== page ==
written by: George Garza•edited by: RC Davison•updated: 3/30/2012
The Earth rotates once around its axis in 23.93 hours. It has a rotational speed that varies from the equator to the north or south poles. At the poles, the rotational speed will be very slow, while at the equator it will be very fast. So it is best to compute the rotational speed at the equator.
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Rotational Speed Versus Latitude
We know how long it takes the Earth to rotate around its axis; it takes 23.93 hours. The circumference of the Earth at the equator is 40,075 km (24,901 mi). So take 40,075/23.93 and the rotational speed is 1,675 km/hr or 1,040 mph. We also know that at different locations on Earth the circumference changes, so the rotational speed changes.
Here are the rotational speeds at different latitudes.
The rotational speed affects space launches. The escape velocity of a spacecraft to reach outer space is about 25,000 mph. By launching from the equator, or a nearby location, a space agency will be able to launch its vehicles using less fuel, or more cargo or supplies using the same amount of fuel. Cape Canaveral is 1967 miles from the equator. For comparison’s sake, that is the same distance from Cape Canaveral to Salt Lake City, Utah. While there are no space launch spots at the equator, that is why launching from Florida made more sense than launching from, say Michigan.
There is one site that is near to the equator. That is the Guiana Space Centre. It is a French space launch site near Kourou in French Guiana. It has been operational since 1968, and its location is 310 mi north of the equator, at a latitude of 5°10'.
Isaac Newton's analysis of escape velocity. Projectiles A and B fall back to earth. Projectile C achieves a circular orbit, D an elliptical one. Projectile E escapes.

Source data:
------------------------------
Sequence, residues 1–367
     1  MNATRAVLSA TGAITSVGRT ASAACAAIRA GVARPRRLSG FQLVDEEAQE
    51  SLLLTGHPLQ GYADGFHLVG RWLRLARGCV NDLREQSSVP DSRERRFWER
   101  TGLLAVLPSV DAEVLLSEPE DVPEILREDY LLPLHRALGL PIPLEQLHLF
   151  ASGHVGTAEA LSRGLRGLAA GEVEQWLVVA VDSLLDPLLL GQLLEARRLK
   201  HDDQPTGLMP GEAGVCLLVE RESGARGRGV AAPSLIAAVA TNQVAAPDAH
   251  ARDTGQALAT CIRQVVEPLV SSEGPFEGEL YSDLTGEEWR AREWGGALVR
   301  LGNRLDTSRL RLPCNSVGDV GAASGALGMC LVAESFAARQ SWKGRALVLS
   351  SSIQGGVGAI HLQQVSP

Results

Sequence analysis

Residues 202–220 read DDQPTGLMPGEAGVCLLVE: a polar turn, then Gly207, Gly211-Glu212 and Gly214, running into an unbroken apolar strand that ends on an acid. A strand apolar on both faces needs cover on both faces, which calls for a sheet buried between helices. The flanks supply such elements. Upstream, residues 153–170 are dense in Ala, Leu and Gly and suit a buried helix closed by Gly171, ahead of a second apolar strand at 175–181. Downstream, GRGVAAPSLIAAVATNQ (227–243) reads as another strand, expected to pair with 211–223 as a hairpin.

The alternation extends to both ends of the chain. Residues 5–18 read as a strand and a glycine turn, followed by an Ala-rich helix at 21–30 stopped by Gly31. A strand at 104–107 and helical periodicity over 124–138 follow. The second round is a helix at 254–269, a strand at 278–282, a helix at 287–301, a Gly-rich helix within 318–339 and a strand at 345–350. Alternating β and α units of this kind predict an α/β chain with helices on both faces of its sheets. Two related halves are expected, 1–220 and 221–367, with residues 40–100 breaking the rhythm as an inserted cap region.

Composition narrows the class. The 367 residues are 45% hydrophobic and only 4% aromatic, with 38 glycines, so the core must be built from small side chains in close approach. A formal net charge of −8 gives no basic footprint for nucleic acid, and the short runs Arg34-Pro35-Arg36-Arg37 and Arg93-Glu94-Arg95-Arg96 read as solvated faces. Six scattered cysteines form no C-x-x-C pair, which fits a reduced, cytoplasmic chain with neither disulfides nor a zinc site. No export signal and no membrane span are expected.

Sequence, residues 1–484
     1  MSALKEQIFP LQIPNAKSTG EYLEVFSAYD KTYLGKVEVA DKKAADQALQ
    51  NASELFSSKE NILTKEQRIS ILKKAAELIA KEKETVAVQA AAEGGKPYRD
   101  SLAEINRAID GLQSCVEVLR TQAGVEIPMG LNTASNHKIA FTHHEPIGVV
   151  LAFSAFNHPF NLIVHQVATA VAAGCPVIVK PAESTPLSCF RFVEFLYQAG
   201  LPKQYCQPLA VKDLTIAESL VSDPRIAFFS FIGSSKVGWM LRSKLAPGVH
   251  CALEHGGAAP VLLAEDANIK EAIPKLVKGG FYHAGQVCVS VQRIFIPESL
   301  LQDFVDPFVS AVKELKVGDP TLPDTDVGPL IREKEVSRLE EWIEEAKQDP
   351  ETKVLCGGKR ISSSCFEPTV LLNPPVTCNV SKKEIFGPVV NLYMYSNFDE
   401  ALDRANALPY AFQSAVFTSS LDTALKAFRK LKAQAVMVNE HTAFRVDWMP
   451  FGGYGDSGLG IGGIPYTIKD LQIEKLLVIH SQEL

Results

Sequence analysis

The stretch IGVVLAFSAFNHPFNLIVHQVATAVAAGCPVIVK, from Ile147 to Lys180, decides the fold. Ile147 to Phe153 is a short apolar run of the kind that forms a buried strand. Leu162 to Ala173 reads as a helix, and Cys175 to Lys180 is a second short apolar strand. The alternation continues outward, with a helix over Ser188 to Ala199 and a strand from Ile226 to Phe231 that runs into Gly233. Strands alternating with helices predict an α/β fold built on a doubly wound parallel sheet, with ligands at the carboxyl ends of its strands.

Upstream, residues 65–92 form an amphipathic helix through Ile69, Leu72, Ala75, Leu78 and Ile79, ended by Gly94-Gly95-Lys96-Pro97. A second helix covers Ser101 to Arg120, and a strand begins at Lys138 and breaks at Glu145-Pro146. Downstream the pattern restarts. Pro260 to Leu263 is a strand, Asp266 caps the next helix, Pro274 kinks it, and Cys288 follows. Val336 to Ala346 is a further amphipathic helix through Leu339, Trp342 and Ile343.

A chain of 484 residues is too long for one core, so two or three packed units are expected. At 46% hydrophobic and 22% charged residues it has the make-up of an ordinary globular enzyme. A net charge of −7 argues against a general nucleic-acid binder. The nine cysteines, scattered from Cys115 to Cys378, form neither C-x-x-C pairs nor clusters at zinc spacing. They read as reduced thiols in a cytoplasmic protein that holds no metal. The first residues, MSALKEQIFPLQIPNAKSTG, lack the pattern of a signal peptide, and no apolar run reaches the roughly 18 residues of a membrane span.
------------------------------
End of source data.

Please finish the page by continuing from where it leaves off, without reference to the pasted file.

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If the Earth Rotates Why Don't We Get Dizzy ... and other Interesting Questions
Let's start with the question of this section. We never get dizzy when the Earth rotates. Why Not? The answer is that we are spinning at the same rate that the Earth is spinning—relative to the speed of the Earth, the speed that we exhibit is zero (0).
That leads to another question. Why don't we, and all other objects, just spin off the Earth and fly into space? The answer is that there are are two forces that are in play here - gravity in the form of a centripetal force and the inertia of the objects that are spinning.
Explanation of the Image: The vector (or the magnitude and direction of an object ) represents the relationship for uniform circular motion. V is Velocity, r is radius. The vector Ω represents the rotation and is perpendicular to the plane of the orbit. So the velocity is given by a vector formula as V = Ω x r. Here is what that means.
Imagine that you tie a ball to a string, and you start spinning it around. One force wants to break away from the center and go off on its own; and the other is the force that keeps the ball attached to the center, which in this case is the string. If you let go of the string, the ball flies out.
Now because you are spinning around on the Earth, a similar force exists that wants to push you off into space. But, like the ball on the string, that inertial force is not very strong, and it is totally overwhelmed by the force of gravity (the string) that is keeping you attached to the Earth. The force that wants to throw you into space is only 0.3% of the force of gravity, whereas the centripetal force is 99.7%. So, people and things are going to stay put. They will not spin off into space.
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The speed of the Earth's rotation can be measured from different points on the planet, but the one most frequently taken is from the equator. There the circumference is 40,075 km (24,901 mi). The Earth day is 23.95 hours. Dividing the km/hr or mi/hr gives us a rotational speed of 1675 km/hr or 1040 mi/hr. That is the rotational speed of the Earth. One interesting fact is that the escape velocity to reach space is less at a point closer to the equator than at locations further away.